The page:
Edited by Lennart Strand and Peter Simlinger
[Information Design Journal 16:3] 2008
► pp. 202–215
This paper is about the application of professional information design practices that have grown out of research conducted by the Communication Research Institute (CRI), formerly the Communication Research Institute of Australia (CRIA), and others. In particular, it focuses on the role of testing in studio practice.
Starting in the mid 1980s, CRI undertook a number of large-scale applied projects funded by government and industry to improve the quality of communication between large organisations and the public. The research focused on discovering the best methods for designing information for public use.
The CRI research was able to draw on a substantial body of prior research in design methods (e.g. Jones 1970), document designs (e.g. Felker et al 1980) and specifically in information design (e.g. Easterby & Zwaga 1984). Moreover, a growing number of significant case histories published in this journal have provided an emerging view of professional practice in the field (e.g. Goodwin 1984, Tomaselli & Tomaselli 1984, Waller 1984)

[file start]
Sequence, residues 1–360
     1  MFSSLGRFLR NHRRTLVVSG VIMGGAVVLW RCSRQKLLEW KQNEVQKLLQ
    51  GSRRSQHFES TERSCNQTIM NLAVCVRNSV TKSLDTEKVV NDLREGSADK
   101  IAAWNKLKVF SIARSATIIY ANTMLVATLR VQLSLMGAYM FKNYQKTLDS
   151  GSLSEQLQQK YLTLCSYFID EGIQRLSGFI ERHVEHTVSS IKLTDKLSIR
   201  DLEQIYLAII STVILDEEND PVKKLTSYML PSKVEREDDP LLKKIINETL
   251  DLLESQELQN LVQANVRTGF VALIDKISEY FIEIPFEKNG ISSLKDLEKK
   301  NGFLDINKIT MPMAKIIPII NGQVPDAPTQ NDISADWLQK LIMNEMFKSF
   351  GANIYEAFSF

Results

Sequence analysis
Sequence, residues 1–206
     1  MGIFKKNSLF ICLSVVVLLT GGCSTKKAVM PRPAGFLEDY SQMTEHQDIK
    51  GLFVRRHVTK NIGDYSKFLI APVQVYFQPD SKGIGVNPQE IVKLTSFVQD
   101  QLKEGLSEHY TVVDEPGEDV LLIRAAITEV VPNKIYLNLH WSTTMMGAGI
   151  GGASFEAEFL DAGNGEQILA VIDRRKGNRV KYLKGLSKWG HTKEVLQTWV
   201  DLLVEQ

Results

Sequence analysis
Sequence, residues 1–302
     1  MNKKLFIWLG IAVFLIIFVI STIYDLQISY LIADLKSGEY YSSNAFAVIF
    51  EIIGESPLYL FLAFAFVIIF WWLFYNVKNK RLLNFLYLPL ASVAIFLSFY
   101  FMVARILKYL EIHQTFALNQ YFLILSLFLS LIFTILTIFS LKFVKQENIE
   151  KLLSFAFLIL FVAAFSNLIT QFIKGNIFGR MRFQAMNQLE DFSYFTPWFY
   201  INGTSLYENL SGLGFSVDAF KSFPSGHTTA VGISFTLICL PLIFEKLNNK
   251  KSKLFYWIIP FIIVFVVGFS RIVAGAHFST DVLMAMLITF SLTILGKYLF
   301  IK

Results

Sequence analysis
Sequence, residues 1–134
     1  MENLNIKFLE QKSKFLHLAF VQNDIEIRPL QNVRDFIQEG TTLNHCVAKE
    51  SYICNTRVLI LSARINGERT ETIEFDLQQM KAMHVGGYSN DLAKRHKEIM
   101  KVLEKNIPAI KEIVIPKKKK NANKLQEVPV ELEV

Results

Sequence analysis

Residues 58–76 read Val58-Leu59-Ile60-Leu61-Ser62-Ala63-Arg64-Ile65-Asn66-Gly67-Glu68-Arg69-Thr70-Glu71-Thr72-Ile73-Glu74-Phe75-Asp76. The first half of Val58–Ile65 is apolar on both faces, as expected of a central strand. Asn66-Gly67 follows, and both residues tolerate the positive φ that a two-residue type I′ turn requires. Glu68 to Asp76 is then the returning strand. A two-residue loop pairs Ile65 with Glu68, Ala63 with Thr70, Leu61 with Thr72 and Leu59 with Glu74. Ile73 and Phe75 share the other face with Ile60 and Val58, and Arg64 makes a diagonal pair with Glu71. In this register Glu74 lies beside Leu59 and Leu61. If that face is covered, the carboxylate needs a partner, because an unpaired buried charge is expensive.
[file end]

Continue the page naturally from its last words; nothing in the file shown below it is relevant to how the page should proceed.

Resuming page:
This early work suggests the possibility of a unified set of highly productive information design methods, and was foreshadowed in the important contributions of Pat Wright (e.g. Wright 1979). The work started at CRI in the mid-1980s focused on unifying information design methods and demonstrating their productivity (Fisher and Sless 1990). By 1992, it was possible to suggest that the resulting design methods had a wide general application to information design (Sless 1992). However, it remained to demonstrate that these methods could be applied consistently across a range of information design problems and that the resultant designs could consistently perform at an acceptable level. This paper reports on that demonstration. In particular it shows through practical examples how testing and measurement of a design’s performance has become an integral part of professional information design practice.
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